The true proboscis in the Anophelince is concealed by the maxillary palpi, which lie slightly dorsal to it. The maxillary palpi in the female consist of five segments. The first or basal segment is extremely minute, and is disregarded by some authors, who consider the female palpi to have four segments and the male three. This is of some importance in systematic classification, for the real second segment would be called the first, and so on. The second segment is long, but not so long as the third segment, which is the longest of all. The fourth segment is shorter than the second, and the fifth or terminal segment is little more than twice as long as broad. These segments are often incorrectly termed joints. This term, however, should be reserved for the point of junction of two adjacent segments, and it is at these joints or at the tip of the last segment that the "bands" are formed which, as we shall see, are of great assistance in separating closely allied species. The palpi are scaled, but the amount of this varies greatly in the different genera of the Anophelince, Anopheles, for instance, having few, while Cellia has very many. The shape of the palpi in the male differs from that of the female in that the ends are broad and club shaped, and their appearance is so characteristic and so prominent in the living Anophelince that the male can be distinguished in dark dwelling houses more readily by this sign than by its plumose antennae. In the case of the male palpi, while some authors describe five segments, the two last of which are expanded, others only describe three, i. e., one besides the two terminal segments, the constrictions of the basal segment being ignored. During the act of sucking blood the palpi project upward, away from the proboscis, at about a right angle. The proboscis itself consists of seven parts. The labium forming the sheath of the proboscis is grooved on its dorsal surface, and it is in this groove that the rest of the structures-the stilets or those portions that really traverse the skin-lie. It is slightly longer than the true proboscis, and has two short segments, attached distally, known as the labellae; these are movable on a hinge joint. The labium itself is continued dor sally still a little further than the level of these joints as a fine tongue, just as a pen is prolonged beyond the end of its holder. Further, Dutton describes a fine membrane covering in the area between this extended tongue and the base of the labellae. This median portion of the terminal segments of the labium bears hairs and is tightly pressed against the skin during the act of sucking, while the labellae are expanded and support the proboscis laterally. The labium and its labellae do not pierce the skin, but the stilets pass through and receive guidance from the expanded labellae, as the fingers of a billiard player guide the cue. During the act of suction, as the stilets pierce, the labium bends with its convexity ventralward, as a cane walking stick bends when pushed against the ground, and the angle of flexion may be distinctly acute, depending on the depth to which the stilets are inserted. The labium is, as we have said, comparatively large and fleshy, and is traversed by nerves, tracheae, and muscle fibers. It is in this fleshy portion that Filarial may be encountered, and much discussion has arisen as to how they find an exit. It was originally supposed that the labium was ruptured during its flexion, and that the filarial embryos made their exit thereby, but there is no evidence of any such rupture, and if, as has been generally assumed, the filarial embryos are in the labium, with the object of reaching the blood during suction, they would not attain this end by escaping at this point. The filarial embryos, moreover, have their heads abutting on the end of the labium,-in fact, in the region of the thin membrane described above,-and it is here, according to Dutton, that they escape. As the proboscis is retracted the labium straightens out again, and, in fact, by its resiliency, as Schaudinn suggests, probably aids in bringing about this process. Turning now to the parts that actually pierce the skin, i. e., the stilets, we have six structures-two tubular structures, the epipharynx and hypo pharynx, two pairs of chitinous rods, the maxillae, and the mandibles.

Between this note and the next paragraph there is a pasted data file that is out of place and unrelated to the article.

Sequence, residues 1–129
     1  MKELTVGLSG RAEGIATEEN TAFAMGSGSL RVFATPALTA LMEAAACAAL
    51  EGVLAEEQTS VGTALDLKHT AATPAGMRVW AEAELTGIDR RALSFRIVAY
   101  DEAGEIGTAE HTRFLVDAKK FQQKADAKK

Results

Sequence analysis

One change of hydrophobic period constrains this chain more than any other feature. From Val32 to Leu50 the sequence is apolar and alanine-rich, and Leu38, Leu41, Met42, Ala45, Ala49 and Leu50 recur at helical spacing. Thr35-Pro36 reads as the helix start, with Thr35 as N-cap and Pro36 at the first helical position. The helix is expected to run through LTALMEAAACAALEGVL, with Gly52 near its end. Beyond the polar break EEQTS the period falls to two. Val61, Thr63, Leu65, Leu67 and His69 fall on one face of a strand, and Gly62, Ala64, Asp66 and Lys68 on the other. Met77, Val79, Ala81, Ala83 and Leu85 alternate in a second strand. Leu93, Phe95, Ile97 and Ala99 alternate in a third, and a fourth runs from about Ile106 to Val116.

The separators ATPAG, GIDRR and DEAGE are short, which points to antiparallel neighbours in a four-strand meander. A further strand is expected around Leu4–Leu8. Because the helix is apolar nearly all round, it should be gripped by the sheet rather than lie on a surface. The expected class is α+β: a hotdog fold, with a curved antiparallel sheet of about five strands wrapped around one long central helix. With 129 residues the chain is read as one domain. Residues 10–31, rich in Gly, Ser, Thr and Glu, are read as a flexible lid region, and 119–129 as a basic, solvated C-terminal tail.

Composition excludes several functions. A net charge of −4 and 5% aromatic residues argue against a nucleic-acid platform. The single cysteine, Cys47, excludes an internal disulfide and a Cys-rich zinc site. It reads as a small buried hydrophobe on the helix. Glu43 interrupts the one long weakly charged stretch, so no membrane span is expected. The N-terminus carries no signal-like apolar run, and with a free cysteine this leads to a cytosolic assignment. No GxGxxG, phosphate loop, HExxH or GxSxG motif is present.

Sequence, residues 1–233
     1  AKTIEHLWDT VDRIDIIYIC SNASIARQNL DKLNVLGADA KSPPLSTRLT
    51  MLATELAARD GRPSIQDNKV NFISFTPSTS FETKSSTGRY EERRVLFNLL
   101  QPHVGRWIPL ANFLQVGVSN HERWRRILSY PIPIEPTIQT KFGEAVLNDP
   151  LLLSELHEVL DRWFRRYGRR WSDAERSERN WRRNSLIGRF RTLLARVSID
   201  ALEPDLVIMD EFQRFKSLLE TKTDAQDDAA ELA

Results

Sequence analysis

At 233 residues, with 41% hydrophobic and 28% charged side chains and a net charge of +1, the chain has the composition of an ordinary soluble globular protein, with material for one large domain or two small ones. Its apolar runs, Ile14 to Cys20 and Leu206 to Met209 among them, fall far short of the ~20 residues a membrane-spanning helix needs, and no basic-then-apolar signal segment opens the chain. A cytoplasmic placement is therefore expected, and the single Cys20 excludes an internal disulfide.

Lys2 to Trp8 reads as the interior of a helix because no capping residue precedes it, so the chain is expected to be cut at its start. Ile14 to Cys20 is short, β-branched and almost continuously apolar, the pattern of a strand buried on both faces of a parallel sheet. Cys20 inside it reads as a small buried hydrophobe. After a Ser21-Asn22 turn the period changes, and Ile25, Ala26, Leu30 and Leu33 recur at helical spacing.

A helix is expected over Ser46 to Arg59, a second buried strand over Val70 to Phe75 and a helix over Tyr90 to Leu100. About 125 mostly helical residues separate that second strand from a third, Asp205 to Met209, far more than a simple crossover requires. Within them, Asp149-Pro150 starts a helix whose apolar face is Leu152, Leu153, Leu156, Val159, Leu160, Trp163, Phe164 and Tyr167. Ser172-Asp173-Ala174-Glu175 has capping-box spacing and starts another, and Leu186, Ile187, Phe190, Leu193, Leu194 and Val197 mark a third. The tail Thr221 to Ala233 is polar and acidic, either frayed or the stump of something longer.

Fig. 5.-The Proboscis showing Labium and Stilets on the Right, the Proboscis in Cross section; the Palpi are not Shown (from Stephens and Christophers' "Practical Study of Malaria").
The upper lip, or labrum epipharynx, consists of two parts intimately fused together, of which the labrum is the most dorsal. It arises at the base of the clypeus, while the epipharynx is a hollow tube not completely closed on its ventral side, continuous through the base of the clypeus with the pharynx. In its passage through the anterior portion of the clypeus the borders of the epipharynx are reflected upward and outward so as to become continuous with the lateral walls of the clypeus. It is the longest of these structures, and its extremity, slightly clecurved, resembles somewhat the point of a hypodermic needle. At its base the epipharynx is continuous with the buccal cavity, and it is through this tube that blood passes up during the act of suction. Closely applied to the ventral opening of the labrum is the hypopharynx. The hypopharynx is flat or crescentic in shape, the middle of the crescent being thickened, and in this part there is a groove or gutter which, by others, is figured as a complete perforation. It is in this groove that the continuation of the salivary duct runs and along which malarial sporozoites pass out. Basally, the hypopharynx has attached to it two powerful muscles which probably serve to retract it after insertion. In the male mosquito the hypopharynx is blended with the labium, forming its dorsal surface; it is also traversed by a salivary duct, but in the male, except rarely, the proboscis does not pierce. The epipharynx and hypopharynx are closely applied to each other and mutually close the incomplete passages in both. The remaining organs are the paired mandibles and maxilla?. Their position is dorsolateral. No doubt the exact position and size of the parts will vary in different genera, and, in fact, differences occur in the genera Culex and Anopheles. The most dorsal are the mandibles; they lie, one on either side, external to the labrum. They are more delicate than the maxillae. In cross section they are crescentic, and at their extremity they are provided with about 30 teeth (Anopheles maculipennis). There are no mandibles in the male. The maxillae lie dorsoventrally and partly embrace the edges of the hypopharynx. In cross section they are approximately wedge shaped, with the thick edge of the wedge ventral and inward; the extremity of the maxillae is also toothed, but the teeth are coarser than those of the mandibles and are fewer in number (13 in Anopheles maculipennis). From the base of the maxillae with which they are articulated arise the maxillary palpi described above. The apodemes with which the palpi are articulated are described under Muscular System. In Culex pipiens the structure of the parts, as described by Schaudinn, is slightly different.